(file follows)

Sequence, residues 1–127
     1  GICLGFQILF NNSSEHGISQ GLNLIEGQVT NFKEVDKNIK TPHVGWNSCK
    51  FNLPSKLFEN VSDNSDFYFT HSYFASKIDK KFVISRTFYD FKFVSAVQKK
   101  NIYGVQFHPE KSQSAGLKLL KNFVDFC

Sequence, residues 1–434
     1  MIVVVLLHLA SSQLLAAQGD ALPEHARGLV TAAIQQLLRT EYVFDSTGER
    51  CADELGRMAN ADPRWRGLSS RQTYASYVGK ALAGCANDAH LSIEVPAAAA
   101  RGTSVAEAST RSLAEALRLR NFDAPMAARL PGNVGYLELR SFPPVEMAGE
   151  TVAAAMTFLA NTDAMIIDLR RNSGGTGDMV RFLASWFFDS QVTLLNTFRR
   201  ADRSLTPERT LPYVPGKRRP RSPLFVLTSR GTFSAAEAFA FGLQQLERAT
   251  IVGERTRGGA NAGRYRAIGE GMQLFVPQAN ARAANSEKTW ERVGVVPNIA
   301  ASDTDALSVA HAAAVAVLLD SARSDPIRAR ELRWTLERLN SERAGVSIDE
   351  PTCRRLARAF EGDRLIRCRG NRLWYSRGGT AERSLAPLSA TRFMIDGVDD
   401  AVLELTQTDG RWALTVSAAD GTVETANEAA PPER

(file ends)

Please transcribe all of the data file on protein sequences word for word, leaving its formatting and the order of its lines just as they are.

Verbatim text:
Sequence, residues 1–127
     1  GICLGFQILF NNSSEHGISQ GLNLIEGQVT NFKEVDKNIK TPHVGWNSCK
    51  FNLPSKLFEN VSDNSDFYFT HSYFASKIDK KFVISRTFYD FKFVSAVQKK
   101  NIYGVQFHPE KSQSAGLKLL KNFVDFC

Sequence, residues 1–434
     1  MIVVVLLHLA SSQLLAAQGD ALPEHARGLV TAAIQQLLRT EYVFDSTGER
    51  CADELGRMAN ADPRWRGLSS RQTYASYVGK ALAGCANDAH LSIEVPAAAA
   101  RGTSVAEAST RSLAEALRLR NFDAPMAARL PGNVGYLELR SFPPVEMAGE
   151  TVAAAMTFLA NTDAMIIDLR RNSGGTGDMV RFLASWFFDS QVTLLNTFRR
   201  ADRSLTPERT LPYVPGKRRP RSPLFVLTSR GTFSAAEAFA FGLQQLERAT
   251  IVGERTRGGA NAGRYRAIGE GMQLFVPQAN ARAANSEKTW ERVGVVPNIA
   301  ASDTDALSVA HAAAVAVLLD SARSDPIRAR ELRWTLERLN SERAGVSIDE
   351  PTCRRLARAF EGDRLIRCRG NRLWYSRGGT AERSLAPLSA TRFMIDGVDD
   401  AVLELTQTDG RWALTVSAAD GTVETANEAA PPER